A copyright statement should set out the terms of access and use relating to the site's content, and be available via a prominent link from every page. It should cover what users are allowed to do with the material on the site, such as downloading and printing, and any activities that you do not permit, such as altering the material or reproducing it without acknowledgement.
Liability disclaimers are particularly important for websites that operate any kind of electronic commerce service. The statement should disclaim any liability for the content of the site, stating the law under which any dispute will be governed. To be fully effective users should be obliged to signify acceptance of a site's terms and conditions before proceeding. Without such a disclaimer you will be liable for any inaccuracies on your site that result in a user suffering financial loss or physical damage as a result of using it.
Linking to other websites
Hypertext links may be a fundamental component of the Web, but this should not lead to a blanket assumption that all links are legal. A link is simply a pointer to a webpage held on a remote server, but commercial considerations may mean that the owner wishes to restrict how pages are retrieved and which route is followed to access them. Confusion of authorship can also arise, in particular with the use of frames, and deep links into a site may present material out of context.
Total freedom to link sites without consent may well be neither desirable nor legal, but unless you are linking against the express wishes of the copyright owner, or are bypassing a security or payment system, linking can probably still be viewed as safe, in particular to a home page. To cover all bases you could e-mail the web author to let him/her know you propose to link to the page, and you may be rewarded with a reciprocal link.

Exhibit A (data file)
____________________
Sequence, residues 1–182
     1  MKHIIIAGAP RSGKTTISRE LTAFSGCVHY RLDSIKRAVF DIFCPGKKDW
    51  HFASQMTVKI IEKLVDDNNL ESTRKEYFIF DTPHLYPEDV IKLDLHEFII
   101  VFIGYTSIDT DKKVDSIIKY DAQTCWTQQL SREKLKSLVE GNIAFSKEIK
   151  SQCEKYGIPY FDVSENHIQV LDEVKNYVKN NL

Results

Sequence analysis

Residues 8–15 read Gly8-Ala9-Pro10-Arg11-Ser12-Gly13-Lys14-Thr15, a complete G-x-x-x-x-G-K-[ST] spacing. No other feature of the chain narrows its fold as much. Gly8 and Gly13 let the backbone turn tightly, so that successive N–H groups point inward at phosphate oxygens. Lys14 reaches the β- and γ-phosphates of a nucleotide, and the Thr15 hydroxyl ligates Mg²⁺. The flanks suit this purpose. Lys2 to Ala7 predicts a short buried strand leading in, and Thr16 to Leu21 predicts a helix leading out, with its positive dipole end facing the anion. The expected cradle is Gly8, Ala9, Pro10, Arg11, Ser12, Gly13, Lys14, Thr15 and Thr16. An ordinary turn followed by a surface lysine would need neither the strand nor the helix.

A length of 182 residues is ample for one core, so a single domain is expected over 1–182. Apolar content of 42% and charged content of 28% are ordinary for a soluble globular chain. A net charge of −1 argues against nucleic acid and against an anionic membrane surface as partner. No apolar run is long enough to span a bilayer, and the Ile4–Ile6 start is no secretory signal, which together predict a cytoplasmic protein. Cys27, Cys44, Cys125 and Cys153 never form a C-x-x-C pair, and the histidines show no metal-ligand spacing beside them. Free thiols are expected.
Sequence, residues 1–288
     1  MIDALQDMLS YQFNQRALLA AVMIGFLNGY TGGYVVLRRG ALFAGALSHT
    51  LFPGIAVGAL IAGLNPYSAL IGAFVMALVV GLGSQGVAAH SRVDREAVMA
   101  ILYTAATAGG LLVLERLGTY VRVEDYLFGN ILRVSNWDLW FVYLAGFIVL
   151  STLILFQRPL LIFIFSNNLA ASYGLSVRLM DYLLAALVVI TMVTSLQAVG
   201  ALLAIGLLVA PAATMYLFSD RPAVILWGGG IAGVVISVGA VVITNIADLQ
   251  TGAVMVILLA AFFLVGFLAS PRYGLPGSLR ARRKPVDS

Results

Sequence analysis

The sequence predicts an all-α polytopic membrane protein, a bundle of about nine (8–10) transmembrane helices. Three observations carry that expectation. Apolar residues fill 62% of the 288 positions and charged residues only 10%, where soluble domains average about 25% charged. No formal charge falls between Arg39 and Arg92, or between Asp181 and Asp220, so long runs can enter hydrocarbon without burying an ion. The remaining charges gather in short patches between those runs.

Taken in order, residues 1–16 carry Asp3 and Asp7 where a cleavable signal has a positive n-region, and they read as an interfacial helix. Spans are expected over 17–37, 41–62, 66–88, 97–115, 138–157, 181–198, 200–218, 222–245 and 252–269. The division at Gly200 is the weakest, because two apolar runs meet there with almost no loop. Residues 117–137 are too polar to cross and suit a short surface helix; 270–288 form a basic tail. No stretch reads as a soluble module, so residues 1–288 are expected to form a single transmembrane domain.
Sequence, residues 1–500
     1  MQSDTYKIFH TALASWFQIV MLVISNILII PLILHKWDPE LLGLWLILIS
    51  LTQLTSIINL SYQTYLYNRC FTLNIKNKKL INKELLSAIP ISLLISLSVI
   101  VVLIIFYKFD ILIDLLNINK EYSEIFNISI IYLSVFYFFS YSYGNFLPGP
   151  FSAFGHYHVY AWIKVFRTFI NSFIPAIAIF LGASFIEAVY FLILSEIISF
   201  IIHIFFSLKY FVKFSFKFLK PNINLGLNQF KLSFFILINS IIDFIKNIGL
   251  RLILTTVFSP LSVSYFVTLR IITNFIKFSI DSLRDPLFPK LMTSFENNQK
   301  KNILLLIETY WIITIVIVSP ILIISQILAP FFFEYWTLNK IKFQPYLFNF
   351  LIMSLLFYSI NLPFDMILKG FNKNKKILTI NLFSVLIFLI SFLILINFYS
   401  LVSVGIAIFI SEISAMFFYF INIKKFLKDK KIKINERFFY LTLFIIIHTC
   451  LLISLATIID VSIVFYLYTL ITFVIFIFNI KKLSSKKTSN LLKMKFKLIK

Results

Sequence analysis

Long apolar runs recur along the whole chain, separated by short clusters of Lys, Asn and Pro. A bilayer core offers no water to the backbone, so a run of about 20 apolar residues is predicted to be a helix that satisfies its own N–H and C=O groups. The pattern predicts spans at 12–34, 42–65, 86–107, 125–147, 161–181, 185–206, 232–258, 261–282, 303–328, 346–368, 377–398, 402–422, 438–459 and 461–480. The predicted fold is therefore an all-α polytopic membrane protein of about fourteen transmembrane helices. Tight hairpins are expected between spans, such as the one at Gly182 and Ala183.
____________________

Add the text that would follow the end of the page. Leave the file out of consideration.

Data protection and the Internet
Your website, or the systems used to administer it, may well hold information which can be regarded as personal data (data relating to living individuals who can be identified from that data), such as
- personal profiles or client directories
- details of website visitors, obtained from on-line forms or e-mail list subscriptions
- databases for direct mailing
Under data protection legislation the consent of the data subject to your holding their information must be explicit - any forms used for gathering personal data from visitors to your website, or any procedures you use to collect personal data from your website, must give the data subjects an opportunity to give or withhold their consent. "Opt-out" tick boxes should be included in all mailings, and in some circumstances customers should be asked to "opt in".
Explicit mention should be made of the Internet in your data protection registration, giving the particulars of any data held, the purposes for holding it, its source, any person to whom you may disclose the data and the overseas countries to which the data may be transferred.
To find out more about the Internet and the law
- data protection and the Internet - advice from the Data Protection Commissioner
Reviewed January 2011
last updated : 21/01/2011